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Greenland | Iceland | Canadian Arctic & Northwest Passage

Greenland

As we traveled west from Iceland on the National Geographic Explorer headed to the Northwest Passage we spent some time exploring coastal Greenland high in the North Atlantic off the coast of Canada. At 3 ˝ times the size of Texas over 80% of Greenland is covered by ice making it is the 2nd largest ice body in the world after Antarctica. The thickness of the ice is on average 1.2 miles thick with some areas close to 2 miles thick. If the entire 684,000 cu miles of ice were to melt it would lead to a global sea rise of 24 feet so this is one giant ice cap.

So why is Greenland covered with ice called Greenland while Iceland which is largely green called Iceland? Way back in 982 the famous murderous and pillaging Viking, Eric the Red sailed from Iceland and was the first known westerner to explore Greenland. When he returned to Iceland his goal was to entice more Norseman to go to Greenland to establish settlements. So he named it Greenland to encourage people to go there. Essentially it was clever marketing ploy to trick settlers into going there from Iceland. Also back then while Greenland was indeed still covered with ice it’s coastal areas were much milder than today with some grasslands and marshes which enabled the Vikings to establish small settlements where they raised cattle and sheep. However all the Vikings disappeared after the arrival of the “Little Ice Age” (1400s till 1800s) as the land became much less habitable.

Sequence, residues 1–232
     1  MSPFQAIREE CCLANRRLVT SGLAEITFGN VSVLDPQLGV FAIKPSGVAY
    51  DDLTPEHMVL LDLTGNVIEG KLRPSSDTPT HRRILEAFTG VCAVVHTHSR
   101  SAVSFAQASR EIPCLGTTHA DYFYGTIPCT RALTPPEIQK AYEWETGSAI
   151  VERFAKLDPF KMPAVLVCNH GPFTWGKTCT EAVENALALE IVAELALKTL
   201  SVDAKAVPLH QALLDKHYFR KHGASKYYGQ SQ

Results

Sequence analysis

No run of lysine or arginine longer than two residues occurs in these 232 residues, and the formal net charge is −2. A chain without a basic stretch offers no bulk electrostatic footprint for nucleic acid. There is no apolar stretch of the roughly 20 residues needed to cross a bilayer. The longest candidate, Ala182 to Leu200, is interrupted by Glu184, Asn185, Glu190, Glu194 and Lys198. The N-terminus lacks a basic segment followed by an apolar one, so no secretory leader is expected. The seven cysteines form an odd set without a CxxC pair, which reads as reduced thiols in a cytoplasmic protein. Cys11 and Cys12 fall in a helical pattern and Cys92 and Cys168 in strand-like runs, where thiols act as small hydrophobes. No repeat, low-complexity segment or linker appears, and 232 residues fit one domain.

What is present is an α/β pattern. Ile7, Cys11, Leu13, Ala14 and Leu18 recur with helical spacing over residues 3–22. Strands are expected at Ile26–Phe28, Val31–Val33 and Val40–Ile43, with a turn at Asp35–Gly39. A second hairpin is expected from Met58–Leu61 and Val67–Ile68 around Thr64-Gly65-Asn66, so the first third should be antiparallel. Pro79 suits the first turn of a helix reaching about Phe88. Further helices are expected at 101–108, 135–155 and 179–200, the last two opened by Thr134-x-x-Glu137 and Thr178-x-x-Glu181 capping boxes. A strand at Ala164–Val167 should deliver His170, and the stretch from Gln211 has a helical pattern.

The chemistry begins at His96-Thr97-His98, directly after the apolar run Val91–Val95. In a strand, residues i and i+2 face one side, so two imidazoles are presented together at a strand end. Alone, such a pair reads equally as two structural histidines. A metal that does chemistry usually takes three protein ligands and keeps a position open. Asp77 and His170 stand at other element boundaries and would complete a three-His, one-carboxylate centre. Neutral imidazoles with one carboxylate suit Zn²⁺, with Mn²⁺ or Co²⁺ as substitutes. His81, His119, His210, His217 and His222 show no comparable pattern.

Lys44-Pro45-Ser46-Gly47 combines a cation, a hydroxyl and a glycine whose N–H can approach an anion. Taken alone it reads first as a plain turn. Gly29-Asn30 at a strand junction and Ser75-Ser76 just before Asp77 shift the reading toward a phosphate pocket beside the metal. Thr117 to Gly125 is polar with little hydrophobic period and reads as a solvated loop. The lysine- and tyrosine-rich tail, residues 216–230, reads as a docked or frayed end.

The only peoples who remained for several hundred years were the various indigenous populations of arctic Inuit, Inuk and Thule peoples who arrived about 4,500 years ago from Arctic Russia via Alaska and Canada.
Although owned by Denmark Greenland is considered part of North America and has had self-rule since 2009. With virtually no agriculture or industry Greenland relies on Denmark for 35% of their GDP thru subsidies. The remainder is fisheries of shrimp, cod and halibut. Popular foods continue to be fish, reindeer, seal, and whale. As a result we saw very little wildlife in and around Greenland.


For purchase or for usage rights contact: Bill Klipp, billklipp@wkimages.net
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Iceberg Arch, Western Greenland  1
Iceberg Arch, Western Greenland 1
Fulmar, Western Greenland  9
Fulmar, Western Greenland 9
Humpback Whale, Greenland  1
Humpback Whale, Greenland 1
Sperm Whale Fluke, Greenland  2
Sperm Whale Fluke, Greenland 2
Fulmar, Sunset  1
Fulmar, Sunset 1
Fulmar  2
Fulmar 2
Fulmar  3
Fulmar 3
Ilulissat,  Disko Bay  1
Ilulissat, Disko Bay 1
Iceberg Arch, Western Greenland  2
Iceberg Arch, Western Greenland 2
Sperm Whale blow, Greenland  3
Sperm Whale blow, Greenland 3
Arctic Cotton.  Ilulissat  1
Arctic Cotton. Ilulissat 1
Icebergs, Ilulissat Disko Bay  7
Icebergs, Ilulissat Disko Bay 7
Humpback Whale, Sisimuit  2
Humpback Whale, Sisimuit 2
Humpback Whale, Sisimuit  3
Humpback Whale, Sisimuit 3
Disko Bay  1
Disko Bay 1
Fog Bow over National Geographic Explorer,  Disko Bay  2
Fog Bow over National Geographic Explorer, Disko Bay 2
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